An awareness of shape, size, direction, and movement helps a child classify the physical world we live in. Children will develop a spatial sense that increases their awareness of themselves in relation to the people and objects in the world around them.
Young children encounter many situations in which they want to compare things or judge how big, how long, or how deep they are. They are constantly measuring how big, how tall, how old, and how heavy they are compared to their friends. In daily experiences such as choosing the biggest cookie or pouring juice into a glass, children use and develop their intuitive notions of size comparisons.
Use of Data
Children love to ask questions. Children learn a great deal thinking about and discussing how to collect data on a variety of questions that are important to them.
Parent Connection to Science
As parents, we must prepare our children for a world that is much different from the one in which we grew up. The job market is constantly changing. In the future, this country will need citizens with more training in science and technology than most of us had in school. The following insights can help us prepare our child for the future. Young children are naturally active scientists—seeking, curious, and intent on discovering all they possibly can about their wonderful world. For them, science is not an isolated subject—it is the way they interact with their world. A young child has a natural curiosity and sense of wonder at the world around him. He questions, experiments, explores, and investigates during his daily encounters with life. This is the foundation of science. Children quickly perceive the attitudes of the adults around them toward science. If adults are excited about exploration, ask questions, and exhibit a “let’s find out” attitude, then children sense it, drink in the enthusiasm, and embrace the “I can find out” perspective. Adult attitudes about learning are transferred to the children around them.
Early childhood science should be based upon experiences rather than experiments. Children need to develop background knowledge and a sense of cause and effect in a predictable world. According to Piaget, the young child’s ability to think and reason is limited by a dependence on experience. Children whose parents have provided a rich variety of experiences (going to the zoo, caring for a pet, collecting insects, etc.) develop background knowledge acting as a foundation upon which to connect later abstract thinking. Children without background knowledge have much greater difficulty in developing critical thinking skills.
Sometime between the ages of six and eight most children move from “pre-operational” (relying on sensory experience for acquiring knowledge) into the “concrete operational” stage (developing the capacity for abstract thinking as long as it pertains to actual experience). As children mature, they will naturally begin to repeat procedures, perform experiments, and predict results. Science experiences promote critical thinking skills that enhance learning in every content area. A child’s ability to observe, describe, predict, problem solve, classify, interpret data, and communicate findings to others will have a greater impact on his success in life than any individual subject area. These critical thinking skills are the tools that promote in-depth learning of any subject.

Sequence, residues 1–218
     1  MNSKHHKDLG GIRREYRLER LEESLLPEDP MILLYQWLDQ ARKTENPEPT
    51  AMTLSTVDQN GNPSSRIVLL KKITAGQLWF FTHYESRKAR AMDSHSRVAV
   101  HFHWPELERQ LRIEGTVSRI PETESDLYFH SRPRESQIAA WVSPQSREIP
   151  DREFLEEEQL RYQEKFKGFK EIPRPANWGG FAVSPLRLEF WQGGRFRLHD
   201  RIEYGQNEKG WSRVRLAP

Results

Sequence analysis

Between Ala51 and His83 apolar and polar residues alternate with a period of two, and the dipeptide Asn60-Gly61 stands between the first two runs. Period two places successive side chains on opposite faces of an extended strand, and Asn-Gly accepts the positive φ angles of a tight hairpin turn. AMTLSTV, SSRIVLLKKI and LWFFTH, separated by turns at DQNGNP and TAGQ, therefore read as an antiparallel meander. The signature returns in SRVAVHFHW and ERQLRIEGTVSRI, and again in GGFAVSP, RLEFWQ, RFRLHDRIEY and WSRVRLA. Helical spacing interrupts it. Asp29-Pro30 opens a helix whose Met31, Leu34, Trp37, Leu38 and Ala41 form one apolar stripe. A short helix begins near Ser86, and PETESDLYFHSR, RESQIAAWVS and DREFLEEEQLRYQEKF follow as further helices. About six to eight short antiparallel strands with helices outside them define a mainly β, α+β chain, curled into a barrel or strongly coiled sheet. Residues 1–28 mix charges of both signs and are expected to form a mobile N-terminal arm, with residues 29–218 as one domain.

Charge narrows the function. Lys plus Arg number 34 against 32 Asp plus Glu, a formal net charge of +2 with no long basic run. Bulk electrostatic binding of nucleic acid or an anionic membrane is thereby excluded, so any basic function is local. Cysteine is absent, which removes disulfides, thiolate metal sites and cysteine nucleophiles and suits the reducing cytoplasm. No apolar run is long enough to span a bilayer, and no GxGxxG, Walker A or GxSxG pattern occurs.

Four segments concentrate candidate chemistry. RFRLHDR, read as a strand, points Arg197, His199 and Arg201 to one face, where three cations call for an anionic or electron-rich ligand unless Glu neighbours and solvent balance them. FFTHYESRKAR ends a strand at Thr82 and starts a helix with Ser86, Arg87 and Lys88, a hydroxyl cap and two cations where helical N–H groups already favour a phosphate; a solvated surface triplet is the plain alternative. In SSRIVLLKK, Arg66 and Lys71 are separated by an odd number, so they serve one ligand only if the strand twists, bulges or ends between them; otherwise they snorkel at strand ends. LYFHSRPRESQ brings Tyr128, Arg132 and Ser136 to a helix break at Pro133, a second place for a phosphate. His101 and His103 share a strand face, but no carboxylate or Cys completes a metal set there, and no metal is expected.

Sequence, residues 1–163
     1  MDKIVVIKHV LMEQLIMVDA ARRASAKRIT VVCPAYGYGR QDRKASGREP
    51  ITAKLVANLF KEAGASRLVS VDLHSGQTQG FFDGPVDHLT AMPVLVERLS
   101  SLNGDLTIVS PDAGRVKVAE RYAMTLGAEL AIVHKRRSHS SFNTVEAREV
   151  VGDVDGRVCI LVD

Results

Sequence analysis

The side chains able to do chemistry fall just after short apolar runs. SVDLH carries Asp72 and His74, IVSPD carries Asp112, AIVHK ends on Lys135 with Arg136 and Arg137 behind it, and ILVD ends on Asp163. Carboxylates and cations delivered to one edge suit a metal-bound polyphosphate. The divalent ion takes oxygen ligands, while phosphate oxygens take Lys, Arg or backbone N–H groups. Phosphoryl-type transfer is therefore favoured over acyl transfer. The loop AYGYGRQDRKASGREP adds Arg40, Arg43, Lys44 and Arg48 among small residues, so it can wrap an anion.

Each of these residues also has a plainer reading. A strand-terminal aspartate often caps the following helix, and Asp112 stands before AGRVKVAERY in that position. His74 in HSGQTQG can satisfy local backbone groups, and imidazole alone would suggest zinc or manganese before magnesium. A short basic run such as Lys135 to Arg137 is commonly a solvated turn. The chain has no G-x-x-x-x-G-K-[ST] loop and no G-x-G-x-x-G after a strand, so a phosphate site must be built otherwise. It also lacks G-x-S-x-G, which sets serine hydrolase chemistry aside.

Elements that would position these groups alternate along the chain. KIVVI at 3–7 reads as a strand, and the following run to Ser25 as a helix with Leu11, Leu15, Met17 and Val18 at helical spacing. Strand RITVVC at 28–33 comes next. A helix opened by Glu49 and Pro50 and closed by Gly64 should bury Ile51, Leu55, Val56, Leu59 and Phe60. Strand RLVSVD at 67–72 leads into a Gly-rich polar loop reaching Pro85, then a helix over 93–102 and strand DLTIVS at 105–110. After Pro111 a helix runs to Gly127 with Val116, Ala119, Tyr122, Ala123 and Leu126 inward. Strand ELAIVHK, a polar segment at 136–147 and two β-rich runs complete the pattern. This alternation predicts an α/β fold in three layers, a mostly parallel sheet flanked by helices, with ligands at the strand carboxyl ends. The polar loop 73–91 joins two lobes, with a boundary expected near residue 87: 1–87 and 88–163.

Help your child to question, research, experiment, collect data, and draw conclusions.
Help your child to observe and describe the properties of matter, light, sound, and motion.
Help your child to explore plants/seeds, animals, growing/changing, the five senses, and health/nutrition.
Earth and Space Science
Help your child to learn about air, water, weather, earth, rocks, ocean, and space.
Science and Technology
Help your child explore and examine the uses of science and technology that impact his life.
Science in Personal and Social Perspectives
Help your child to learn about personal health, changes in the environment, material resources, personal values—beauty, quiet places, and security.
Parent Connection to Social Studies
Young children learn through their senses and experiences. They touch, feel, smell, and taste things. They play imaginary games and interact with friends. Children’s everyday play and experiences give them a basis for social studies concepts they will learn in school.
With just a little encouragement and direction, children can develop the vocabulary, awareness, and curiosity that will help them better understand and learn social studies. The following activities will help children gain the skills that lay the foundation for social studies.
Explore Human Similarities and Differences
Basic Human Needs
Rights and Responsibilities
People and the Places They Live
People and the Past